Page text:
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Curated by Alica Hall, Nia Centre for the Arts
February 20 – May 21, 2021
Harbourfront Centre Parking Pavilion
225 Queens Quay West (North of Ontario Square)
Through portraiture, Yasin Osman shares scenes of everyday life in the villages of Somalia. This installation features Osman’s intimate portraits and snapshots, which offer glimpses into the lives of the Somali people. The child of Somali parents, Osman returned to his ancestral lands in search of an emotional connection. This body of work showcases his journey home as an outsider, examining this foreign land.
Dear Ayeeyo is intended as a tribute to the photographer’s grandmother. Osman’s endeavour to draw the viewer into his personal experience of coming to this country in the midst of a humanitarian crisis, severe drought and futile violence illuminates the resilience of the human spirit. His images contest the misconceptions caused by the media’s destructive images. He fosters trust and camaraderie with his subjects, actively engaging with them to create portraits that reflect their strength and perseverance.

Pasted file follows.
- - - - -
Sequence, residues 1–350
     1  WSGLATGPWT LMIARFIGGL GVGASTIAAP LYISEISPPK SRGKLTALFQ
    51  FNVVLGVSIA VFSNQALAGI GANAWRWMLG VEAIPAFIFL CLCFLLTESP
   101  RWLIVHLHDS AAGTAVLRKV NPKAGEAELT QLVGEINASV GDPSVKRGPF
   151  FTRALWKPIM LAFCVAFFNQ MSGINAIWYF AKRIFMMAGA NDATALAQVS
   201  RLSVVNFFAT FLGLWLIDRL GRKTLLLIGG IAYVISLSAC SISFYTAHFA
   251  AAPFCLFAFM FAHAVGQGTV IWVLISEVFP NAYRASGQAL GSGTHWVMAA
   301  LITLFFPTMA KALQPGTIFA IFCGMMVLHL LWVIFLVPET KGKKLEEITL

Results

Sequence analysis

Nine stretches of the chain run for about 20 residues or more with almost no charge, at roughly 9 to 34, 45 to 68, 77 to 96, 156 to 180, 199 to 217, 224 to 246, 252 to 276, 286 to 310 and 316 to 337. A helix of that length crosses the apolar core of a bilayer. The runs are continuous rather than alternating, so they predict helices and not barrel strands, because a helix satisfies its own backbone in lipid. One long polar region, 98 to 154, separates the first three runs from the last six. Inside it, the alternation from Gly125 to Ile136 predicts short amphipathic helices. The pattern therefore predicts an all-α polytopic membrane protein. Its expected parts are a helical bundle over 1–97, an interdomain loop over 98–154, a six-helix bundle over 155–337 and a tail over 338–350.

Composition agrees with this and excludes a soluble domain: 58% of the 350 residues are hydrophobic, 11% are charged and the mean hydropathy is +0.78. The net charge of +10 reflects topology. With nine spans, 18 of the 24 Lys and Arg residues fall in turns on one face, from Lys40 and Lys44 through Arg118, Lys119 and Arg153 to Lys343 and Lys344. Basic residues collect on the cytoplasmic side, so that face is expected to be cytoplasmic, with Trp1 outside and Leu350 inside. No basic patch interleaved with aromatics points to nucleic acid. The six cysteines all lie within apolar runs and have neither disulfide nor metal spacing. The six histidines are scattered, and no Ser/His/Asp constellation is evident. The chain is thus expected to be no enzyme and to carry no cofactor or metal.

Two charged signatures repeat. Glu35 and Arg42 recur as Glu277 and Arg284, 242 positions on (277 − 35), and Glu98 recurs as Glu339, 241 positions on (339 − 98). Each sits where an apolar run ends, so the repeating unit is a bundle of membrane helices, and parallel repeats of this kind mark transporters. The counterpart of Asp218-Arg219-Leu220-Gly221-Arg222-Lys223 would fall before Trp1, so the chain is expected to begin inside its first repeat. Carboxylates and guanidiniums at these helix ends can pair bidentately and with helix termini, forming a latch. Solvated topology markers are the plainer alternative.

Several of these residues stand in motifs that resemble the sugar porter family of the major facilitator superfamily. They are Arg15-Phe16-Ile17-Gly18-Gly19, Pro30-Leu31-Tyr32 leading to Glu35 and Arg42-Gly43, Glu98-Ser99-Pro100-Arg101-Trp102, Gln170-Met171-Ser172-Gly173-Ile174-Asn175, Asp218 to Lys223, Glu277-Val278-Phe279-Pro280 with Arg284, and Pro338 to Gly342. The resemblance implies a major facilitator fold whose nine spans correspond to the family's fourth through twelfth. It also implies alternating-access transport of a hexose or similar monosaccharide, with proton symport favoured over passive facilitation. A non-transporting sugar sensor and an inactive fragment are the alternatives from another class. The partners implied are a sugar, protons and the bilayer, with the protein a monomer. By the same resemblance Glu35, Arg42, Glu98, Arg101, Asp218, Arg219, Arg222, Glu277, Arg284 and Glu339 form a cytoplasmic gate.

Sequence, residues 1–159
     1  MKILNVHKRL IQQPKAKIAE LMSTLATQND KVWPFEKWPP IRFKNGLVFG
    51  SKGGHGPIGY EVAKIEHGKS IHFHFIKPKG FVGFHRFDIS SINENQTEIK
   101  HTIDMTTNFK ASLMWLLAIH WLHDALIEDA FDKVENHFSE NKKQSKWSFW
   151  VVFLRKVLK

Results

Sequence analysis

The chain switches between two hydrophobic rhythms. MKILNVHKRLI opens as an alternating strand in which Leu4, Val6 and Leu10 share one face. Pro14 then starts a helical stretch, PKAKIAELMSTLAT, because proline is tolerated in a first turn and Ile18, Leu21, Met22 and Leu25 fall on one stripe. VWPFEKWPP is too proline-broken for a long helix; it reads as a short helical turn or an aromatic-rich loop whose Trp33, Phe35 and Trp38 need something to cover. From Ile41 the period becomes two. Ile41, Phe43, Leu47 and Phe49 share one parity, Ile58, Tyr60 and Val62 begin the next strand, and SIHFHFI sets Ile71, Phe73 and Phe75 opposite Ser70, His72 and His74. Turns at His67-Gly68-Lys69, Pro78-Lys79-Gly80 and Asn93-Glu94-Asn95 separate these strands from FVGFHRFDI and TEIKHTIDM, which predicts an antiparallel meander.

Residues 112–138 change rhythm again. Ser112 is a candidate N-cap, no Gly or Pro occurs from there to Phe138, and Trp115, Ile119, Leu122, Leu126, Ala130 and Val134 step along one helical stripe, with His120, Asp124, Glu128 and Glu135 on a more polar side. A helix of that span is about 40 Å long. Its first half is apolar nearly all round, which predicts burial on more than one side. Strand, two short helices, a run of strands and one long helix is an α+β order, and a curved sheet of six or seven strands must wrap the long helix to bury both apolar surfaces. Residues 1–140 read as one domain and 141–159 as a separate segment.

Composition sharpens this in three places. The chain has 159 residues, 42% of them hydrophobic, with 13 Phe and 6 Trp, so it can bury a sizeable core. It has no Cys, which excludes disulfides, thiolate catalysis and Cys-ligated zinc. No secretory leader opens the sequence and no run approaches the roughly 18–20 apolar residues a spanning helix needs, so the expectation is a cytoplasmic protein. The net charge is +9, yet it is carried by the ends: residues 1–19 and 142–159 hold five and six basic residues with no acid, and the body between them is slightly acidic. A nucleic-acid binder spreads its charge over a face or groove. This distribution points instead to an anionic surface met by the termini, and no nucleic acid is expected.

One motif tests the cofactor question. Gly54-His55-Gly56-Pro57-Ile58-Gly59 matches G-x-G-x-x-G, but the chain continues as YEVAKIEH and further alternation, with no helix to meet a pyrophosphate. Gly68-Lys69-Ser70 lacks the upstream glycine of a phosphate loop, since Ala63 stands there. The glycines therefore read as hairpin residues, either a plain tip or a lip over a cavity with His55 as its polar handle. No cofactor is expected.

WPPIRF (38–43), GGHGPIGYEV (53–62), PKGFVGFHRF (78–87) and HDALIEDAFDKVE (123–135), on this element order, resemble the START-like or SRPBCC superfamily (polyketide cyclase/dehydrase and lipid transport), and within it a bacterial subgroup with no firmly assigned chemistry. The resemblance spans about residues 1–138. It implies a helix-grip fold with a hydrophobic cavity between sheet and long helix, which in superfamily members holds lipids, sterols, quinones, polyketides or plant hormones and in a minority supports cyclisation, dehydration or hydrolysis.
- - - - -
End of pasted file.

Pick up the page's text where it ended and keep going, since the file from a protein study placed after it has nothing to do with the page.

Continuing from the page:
Where women stand, the world takes a leap. Where they go, communities transform and inspiration is born. In this critical examination of Black femininity under the title, Where She Went, We Thrived viewers are encouraged to reflect on how the past year echoed the traumas of the past, and how Black women, through their labour and life, continue to pave a way forward.
Three contemporary artists from the Afro-diaspora, Yasin Osman, Christine Nnawuchi and Apanaki Temitayo M examine the contributions of Black women in our communities, through a dynamic presentation of textile, porcelain ceramics and photography on the Harbourfront Centre site.
Where She Went, We Thrived explores the magic and tenacity of Black womanhood. They have shaped the world we know today, and this exhibition pays tribute to the tools, strategies and traditions our ancestors wielded for their survival—enabling future generations to succeed.
— Alica Hall, Executive Director, Nia Centre for the Arts
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